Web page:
Pulp Appeal : Clash of the Titans (1981)

(Editors’ Note: R.A. Goli is an Australian writer of horror, fantasy, erotic, and speculative short stories. In addition to writing, her interests include reading, gaming, the occasional walk, and annoying her dog, two cats, and husband. Her short story collection Unfettered is currently available at Lulu. Her fantasy novella, The Eighth Dwarf is available at Amazon and Fantasia Divinity MagazineCheck out her numerous short story publications at her  website https://ragoliauthor.wordpress.com/ or stalk her on Facebook)

Clash of the Titans is an epic tale of Olympian gods, mythological monsters and heroic mortals. Released in 1981, it stars Laurence Olivier as Zeus (Spartacus, 1960), Harry Hamlin as Perseus, (who later goes on to star in LA LAW), Maggie Smith as Thetis (Downton Abbey), and Ursula Andress as Aphrodite (who only has one line).

The movie opens with Acrisius, King of Argos, condemning his daughter, Danae and her infant son Perseus to a horrible death by throwing them into a wooden trunk/coffin and tossing it into the ocean.  Zeus had previously visited Danae and their lovemaking resulted in Perseus, so Zeus ensures they are deposited safely on a beach where they can live happily ever after. Zeus then kills Acrisius and orders Poseidon to ‘Let Loose the Kraken”, a mythical sea-creature similar to Godzilla, who destroys the kingdom of Argos.

Years later, he punishes Calibos, the son of Thetis, for many atrocities such as hunting several wild creatures – including Zeus’ winged horses – to near extinction. He transforms the once handsome Calibos into a hideous monster with horns, a tail, and a cloven hoof. Thetis seeks revenge by transporting Perseus, now a grown man, to Joppa. He eventually reaches the city and speaks to an incredibly chatty guard who tells him everything there is to know about what’s going on in Joppa. Any man can present himself for the chance to marry the beautiful, Andromeda, once betrothed to Calibos, however, the suitor must answer a mysterious riddle, which changes with every suitor, and failure to solve the riddle results in a fiery death.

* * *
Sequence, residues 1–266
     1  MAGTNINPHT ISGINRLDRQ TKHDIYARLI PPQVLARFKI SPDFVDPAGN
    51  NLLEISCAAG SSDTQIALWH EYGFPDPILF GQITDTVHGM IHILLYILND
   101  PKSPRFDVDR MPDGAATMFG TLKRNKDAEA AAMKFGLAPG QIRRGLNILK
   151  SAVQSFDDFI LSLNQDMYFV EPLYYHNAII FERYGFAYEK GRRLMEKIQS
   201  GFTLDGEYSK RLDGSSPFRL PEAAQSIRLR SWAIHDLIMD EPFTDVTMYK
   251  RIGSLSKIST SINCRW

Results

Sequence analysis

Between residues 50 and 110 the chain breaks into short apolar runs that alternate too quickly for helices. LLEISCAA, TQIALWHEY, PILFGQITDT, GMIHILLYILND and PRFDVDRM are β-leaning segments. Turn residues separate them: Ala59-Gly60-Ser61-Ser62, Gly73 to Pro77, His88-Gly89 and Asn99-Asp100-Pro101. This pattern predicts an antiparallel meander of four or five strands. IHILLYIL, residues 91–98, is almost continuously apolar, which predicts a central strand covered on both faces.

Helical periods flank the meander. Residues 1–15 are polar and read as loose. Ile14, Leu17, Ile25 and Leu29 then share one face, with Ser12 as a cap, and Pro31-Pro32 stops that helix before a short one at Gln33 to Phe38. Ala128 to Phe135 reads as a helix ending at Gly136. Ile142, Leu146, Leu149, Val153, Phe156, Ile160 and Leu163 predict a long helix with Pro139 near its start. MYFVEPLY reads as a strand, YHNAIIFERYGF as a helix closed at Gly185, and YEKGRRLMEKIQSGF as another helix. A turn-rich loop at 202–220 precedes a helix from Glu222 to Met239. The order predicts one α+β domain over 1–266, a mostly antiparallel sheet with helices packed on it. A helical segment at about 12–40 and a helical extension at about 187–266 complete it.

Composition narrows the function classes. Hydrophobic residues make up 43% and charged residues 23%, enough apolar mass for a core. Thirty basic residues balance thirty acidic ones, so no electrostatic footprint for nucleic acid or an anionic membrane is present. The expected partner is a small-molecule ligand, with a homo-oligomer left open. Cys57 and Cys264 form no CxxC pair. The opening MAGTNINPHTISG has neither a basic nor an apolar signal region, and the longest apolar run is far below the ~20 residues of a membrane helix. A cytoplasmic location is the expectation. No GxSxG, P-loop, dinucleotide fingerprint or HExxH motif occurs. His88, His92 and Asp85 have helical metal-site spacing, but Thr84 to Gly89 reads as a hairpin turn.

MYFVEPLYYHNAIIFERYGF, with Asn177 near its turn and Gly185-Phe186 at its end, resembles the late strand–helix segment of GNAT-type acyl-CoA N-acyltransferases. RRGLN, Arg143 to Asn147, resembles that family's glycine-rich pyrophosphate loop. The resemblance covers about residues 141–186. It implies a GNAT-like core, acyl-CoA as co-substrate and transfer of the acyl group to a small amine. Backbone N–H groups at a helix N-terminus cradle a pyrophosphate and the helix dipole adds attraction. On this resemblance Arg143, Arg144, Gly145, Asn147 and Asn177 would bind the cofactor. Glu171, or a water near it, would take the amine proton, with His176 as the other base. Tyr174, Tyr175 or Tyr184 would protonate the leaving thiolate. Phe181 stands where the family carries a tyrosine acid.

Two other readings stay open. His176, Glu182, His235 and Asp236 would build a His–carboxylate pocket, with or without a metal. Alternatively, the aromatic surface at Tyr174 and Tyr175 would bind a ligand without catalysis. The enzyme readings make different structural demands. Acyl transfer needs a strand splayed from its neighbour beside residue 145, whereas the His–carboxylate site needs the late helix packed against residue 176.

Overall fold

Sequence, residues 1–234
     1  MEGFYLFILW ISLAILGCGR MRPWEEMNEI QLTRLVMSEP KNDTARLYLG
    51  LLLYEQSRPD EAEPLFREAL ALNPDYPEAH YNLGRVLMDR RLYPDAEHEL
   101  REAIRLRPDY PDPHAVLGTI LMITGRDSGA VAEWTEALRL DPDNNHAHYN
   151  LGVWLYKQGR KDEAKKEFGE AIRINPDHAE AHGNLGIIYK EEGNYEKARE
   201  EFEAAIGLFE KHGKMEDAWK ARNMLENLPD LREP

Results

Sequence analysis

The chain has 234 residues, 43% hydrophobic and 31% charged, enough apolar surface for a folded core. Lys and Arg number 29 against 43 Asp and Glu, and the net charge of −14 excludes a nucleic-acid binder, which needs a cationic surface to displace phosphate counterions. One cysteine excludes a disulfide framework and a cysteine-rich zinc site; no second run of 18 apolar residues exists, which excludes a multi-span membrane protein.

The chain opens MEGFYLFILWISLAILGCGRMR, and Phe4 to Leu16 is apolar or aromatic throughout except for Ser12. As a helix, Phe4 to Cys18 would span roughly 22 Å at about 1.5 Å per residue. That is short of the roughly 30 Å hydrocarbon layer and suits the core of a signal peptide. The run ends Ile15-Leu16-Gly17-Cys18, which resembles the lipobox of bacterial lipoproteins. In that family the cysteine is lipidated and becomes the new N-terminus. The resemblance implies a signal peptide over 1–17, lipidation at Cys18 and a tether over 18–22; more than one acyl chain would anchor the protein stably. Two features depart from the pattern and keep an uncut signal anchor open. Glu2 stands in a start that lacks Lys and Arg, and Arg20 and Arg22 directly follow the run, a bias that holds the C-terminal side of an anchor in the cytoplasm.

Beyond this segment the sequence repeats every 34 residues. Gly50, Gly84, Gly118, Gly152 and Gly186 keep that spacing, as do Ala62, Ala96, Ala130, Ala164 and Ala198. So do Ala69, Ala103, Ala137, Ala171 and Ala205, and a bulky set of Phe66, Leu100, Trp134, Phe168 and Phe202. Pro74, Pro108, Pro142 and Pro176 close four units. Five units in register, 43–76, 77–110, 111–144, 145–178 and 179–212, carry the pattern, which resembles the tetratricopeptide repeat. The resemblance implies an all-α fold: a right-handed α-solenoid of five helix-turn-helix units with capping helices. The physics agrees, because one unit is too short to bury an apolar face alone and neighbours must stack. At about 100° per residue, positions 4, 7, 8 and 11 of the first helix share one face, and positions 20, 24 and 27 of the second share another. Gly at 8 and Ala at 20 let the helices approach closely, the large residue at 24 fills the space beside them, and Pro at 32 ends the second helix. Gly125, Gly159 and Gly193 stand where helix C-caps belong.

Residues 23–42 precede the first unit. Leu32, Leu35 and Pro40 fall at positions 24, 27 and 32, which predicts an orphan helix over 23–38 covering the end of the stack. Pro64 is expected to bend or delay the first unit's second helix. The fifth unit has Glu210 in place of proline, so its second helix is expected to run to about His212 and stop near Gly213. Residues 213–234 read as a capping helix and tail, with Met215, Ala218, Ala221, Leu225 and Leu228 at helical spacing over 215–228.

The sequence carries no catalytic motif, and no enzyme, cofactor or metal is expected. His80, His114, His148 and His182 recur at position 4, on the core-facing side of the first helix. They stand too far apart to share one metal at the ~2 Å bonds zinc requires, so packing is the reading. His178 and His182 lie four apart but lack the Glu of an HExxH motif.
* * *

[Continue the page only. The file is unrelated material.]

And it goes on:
Image result for clash of the titans calibos

Calibos works on his villainous slouch.

When Perseus solves the riddle, the people of Joppa are delighted. Things seemed to be looking up for Zeus’ son, until his new mother-in-law, Cassiopeia, insults the goddess Thetis by claiming Andromeda is more beautiful than the goddess herself. Thetis demands Cassiopeia sacrifice Andromeda to the Kraken or she’ll destroy the city. This is where the adventure really begins and Perseus will face Stygian witches, the two headed dog dioskilos, the gorgon Medusa, giant scorpions, Calibos, as well as the Kraken in an attempt to save Andromeda.

Image result for clash of the titans

The Kraken prepares to feast.

Clash of the Titans is classic sword and sorcery; the story draws heavily from mythology and we have a sword-wielding hero. When Perseus is stranded in Joppa, Zeus orders the goddesses to gift him with magically imbued weapons. Perseus receives a sword from Aphrodite that can slice through marble, a helmet from Athena, that renders the wearer invisible (this will later aid in him capturing Pegasus), and a shield from Hera. The shield projects an image of Zeus who tells Perseus it will save his life one day and that Perseus must find and fulfil his destiny. There’s magic, gods, mythical creatures, swords, an epic quest, a virgin sacrifice. It’s the ultimate battle of good versus evil.